- Contact third parties, other than an attorney or a credit bureau, except to locate you
- Call you repeatedly or contact you before at an unreasonable time (the law presumes that before
- 8 a.m. or after 9 p.m. is unreasonable)
- Contact you at work if your employer prohibits it
- Use or threaten to use violence
- Use obscene or profane language
- Place telephone calls to you without identifying themselves as bill collectors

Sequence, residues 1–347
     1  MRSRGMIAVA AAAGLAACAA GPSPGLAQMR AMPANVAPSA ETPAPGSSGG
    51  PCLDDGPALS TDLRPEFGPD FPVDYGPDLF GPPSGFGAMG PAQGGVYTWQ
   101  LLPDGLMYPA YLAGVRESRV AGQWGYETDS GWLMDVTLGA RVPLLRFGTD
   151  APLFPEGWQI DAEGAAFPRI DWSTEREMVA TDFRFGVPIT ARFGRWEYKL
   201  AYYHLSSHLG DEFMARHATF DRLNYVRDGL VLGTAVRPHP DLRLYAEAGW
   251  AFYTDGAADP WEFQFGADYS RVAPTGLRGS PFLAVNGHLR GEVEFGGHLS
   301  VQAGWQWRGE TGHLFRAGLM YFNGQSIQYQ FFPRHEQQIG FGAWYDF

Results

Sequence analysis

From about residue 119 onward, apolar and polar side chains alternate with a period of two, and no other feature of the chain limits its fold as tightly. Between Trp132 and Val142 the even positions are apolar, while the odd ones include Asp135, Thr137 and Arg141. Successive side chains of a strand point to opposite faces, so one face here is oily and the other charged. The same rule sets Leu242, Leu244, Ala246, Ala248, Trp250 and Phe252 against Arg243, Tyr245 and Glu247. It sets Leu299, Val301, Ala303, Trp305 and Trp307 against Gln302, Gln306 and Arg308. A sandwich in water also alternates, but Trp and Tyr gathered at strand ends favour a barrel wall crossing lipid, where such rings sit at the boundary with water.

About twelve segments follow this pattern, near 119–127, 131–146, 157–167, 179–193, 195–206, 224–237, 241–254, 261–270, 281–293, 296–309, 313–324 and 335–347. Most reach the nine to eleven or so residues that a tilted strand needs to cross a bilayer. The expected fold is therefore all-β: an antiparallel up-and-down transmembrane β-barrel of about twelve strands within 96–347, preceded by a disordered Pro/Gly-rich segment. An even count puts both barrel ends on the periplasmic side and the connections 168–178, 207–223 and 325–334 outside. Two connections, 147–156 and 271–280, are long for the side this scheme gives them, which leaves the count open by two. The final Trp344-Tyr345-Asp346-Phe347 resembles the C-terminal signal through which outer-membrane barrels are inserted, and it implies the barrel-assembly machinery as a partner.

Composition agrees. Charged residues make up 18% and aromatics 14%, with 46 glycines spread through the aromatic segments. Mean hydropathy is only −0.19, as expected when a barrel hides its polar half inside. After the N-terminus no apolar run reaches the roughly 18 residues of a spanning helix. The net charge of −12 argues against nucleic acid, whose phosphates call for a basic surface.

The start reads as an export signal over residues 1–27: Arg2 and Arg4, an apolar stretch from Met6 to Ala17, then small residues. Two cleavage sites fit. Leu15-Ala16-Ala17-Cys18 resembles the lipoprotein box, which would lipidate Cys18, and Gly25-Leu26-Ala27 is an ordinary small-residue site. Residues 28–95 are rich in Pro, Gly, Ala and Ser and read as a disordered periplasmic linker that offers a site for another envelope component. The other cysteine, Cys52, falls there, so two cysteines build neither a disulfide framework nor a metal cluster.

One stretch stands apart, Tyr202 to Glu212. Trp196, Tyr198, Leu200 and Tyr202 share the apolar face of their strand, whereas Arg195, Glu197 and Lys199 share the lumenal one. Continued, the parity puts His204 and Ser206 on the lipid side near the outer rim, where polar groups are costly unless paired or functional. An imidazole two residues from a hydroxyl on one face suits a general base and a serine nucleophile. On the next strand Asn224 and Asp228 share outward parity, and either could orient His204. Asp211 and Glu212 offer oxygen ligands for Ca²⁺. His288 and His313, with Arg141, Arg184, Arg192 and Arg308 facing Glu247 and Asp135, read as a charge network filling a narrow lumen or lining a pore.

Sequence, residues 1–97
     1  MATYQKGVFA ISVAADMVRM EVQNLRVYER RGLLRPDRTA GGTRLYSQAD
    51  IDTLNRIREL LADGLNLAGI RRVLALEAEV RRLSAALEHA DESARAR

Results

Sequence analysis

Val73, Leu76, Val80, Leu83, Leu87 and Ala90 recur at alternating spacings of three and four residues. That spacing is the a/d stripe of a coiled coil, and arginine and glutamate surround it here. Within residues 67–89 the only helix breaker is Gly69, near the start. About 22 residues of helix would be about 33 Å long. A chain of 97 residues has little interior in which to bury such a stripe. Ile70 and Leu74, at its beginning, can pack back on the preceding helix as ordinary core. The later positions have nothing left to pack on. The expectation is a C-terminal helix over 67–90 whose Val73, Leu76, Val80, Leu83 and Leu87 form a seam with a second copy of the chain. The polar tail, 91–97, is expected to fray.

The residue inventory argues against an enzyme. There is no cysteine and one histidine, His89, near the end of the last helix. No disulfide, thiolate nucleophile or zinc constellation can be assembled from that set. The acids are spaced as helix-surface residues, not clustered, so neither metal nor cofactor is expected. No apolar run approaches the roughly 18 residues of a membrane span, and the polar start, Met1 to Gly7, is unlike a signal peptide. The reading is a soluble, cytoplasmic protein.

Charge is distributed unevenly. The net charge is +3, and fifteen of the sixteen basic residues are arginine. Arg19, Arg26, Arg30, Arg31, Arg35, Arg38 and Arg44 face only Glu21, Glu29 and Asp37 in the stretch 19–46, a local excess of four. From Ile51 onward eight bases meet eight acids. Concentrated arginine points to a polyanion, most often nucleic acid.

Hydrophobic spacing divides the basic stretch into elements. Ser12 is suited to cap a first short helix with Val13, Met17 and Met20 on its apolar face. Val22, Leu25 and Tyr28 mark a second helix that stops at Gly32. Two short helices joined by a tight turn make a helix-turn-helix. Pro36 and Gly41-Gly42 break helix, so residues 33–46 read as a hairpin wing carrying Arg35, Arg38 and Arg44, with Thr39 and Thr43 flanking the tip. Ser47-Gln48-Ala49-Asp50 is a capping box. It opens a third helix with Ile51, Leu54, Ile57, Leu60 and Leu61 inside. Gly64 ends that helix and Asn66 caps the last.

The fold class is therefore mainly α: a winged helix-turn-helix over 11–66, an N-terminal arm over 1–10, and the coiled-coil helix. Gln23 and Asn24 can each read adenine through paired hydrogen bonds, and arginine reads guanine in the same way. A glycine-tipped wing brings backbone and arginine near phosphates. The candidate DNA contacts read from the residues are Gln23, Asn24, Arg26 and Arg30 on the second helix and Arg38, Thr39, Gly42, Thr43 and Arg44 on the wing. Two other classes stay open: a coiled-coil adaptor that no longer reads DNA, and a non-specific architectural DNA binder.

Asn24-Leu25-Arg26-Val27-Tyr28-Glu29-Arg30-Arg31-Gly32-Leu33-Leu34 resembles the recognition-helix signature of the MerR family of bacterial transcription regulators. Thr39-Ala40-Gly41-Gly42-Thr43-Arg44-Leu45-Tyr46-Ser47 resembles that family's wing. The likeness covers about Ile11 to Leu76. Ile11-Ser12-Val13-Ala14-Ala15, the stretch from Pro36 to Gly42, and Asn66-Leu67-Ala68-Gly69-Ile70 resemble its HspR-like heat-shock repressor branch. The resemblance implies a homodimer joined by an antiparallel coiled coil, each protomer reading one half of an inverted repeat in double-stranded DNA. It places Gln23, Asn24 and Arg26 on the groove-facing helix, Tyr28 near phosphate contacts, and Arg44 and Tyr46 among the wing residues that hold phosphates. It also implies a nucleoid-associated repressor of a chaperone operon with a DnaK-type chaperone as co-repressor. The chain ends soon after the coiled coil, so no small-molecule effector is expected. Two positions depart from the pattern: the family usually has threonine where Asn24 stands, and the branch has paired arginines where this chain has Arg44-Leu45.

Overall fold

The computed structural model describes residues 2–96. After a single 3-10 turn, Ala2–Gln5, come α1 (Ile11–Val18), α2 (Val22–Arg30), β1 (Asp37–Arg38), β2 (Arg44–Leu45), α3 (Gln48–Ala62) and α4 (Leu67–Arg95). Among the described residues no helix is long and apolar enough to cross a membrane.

- Claim you owe more than you do
- Claim to be attorneys
- Claim that you'll be imprisoned or your property will be seized
- Send you a paper that resembles a legal document, or
- Add unauthorized interest, fees or charges.
Speak to an Experienced Creditors Rights Attorney Today
This article is intended to be helpful and informative. But even common legal matters can become complex and stressful. A qualified creditors rights lawyer can address your particular legal needs, explain the law, and represent you in court. Take the first step now and contact a local creditors rights attorney to discuss your specific legal situation.